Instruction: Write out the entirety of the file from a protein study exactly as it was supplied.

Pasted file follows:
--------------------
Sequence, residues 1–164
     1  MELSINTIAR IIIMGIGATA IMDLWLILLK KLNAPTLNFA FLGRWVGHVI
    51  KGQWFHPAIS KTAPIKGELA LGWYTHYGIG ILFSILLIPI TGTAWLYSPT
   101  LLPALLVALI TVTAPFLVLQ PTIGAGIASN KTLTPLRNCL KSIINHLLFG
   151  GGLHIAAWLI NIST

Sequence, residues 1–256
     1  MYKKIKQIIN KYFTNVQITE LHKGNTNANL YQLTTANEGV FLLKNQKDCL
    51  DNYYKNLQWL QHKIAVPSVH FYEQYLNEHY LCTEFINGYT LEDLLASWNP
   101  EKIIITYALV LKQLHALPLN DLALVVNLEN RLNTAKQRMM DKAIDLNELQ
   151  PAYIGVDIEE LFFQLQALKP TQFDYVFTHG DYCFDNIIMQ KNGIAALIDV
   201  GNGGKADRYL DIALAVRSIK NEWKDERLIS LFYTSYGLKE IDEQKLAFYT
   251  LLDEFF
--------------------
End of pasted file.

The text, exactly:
Sequence, residues 1–164
     1  MELSINTIAR IIIMGIGATA IMDLWLILLK KLNAPTLNFA FLGRWVGHVI
    51  KGQWFHPAIS KTAPIKGELA LGWYTHYGIG ILFSILLIPI TGTAWLYSPT
   101  LLPALLVALI TVTAPFLVLQ PTIGAGIASN KTLTPLRNCL KSIINHLLFG
   151  GGLHIAAWLI NIST

Sequence, residues 1–256
     1  MYKKIKQIIN KYFTNVQITE LHKGNTNANL YQLTTANEGV FLLKNQKDCL
    51  DNYYKNLQWL QHKIAVPSVH FYEQYLNEHY LCTEFINGYT LEDLLASWNP
   101  EKIIITYALV LKQLHALPLN DLALVVNLEN RLNTAKQRMM DKAIDLNELQ
   151  PAYIGVDIEE LFFQLQALKP TQFDYVFTHG DYCFDNIIMQ KNGIAALIDV
   201  GNGGKADRYL DIALAVRSIK NEWKDERLIS LFYTSYGLKE IDEQKLAFYT
   251  LLDEFF